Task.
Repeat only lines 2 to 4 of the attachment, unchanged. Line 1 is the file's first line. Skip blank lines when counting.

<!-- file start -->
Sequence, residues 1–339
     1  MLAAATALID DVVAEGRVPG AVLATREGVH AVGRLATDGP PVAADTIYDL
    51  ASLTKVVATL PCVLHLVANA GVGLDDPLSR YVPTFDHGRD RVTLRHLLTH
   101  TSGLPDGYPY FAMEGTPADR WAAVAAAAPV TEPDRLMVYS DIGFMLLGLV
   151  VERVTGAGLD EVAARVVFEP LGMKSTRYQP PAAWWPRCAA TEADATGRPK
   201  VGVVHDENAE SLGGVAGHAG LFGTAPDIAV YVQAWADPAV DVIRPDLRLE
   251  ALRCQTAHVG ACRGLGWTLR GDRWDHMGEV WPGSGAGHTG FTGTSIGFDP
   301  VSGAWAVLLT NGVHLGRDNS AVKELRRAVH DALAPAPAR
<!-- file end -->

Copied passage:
     1  MLAAATALID DVVAEGRVPG AVLATREGVH AVGRLATDGP PVAADTIYDL
    51  ASLTKVVATL PCVLHLVANA GVGLDDPLSR YVPTFDHGRD RVTLRHLLTH
   101  TSGLPDGYPY FAMEGTPADR WAAVAAAAPV TEPDRLMVYS DIGFMLLGLV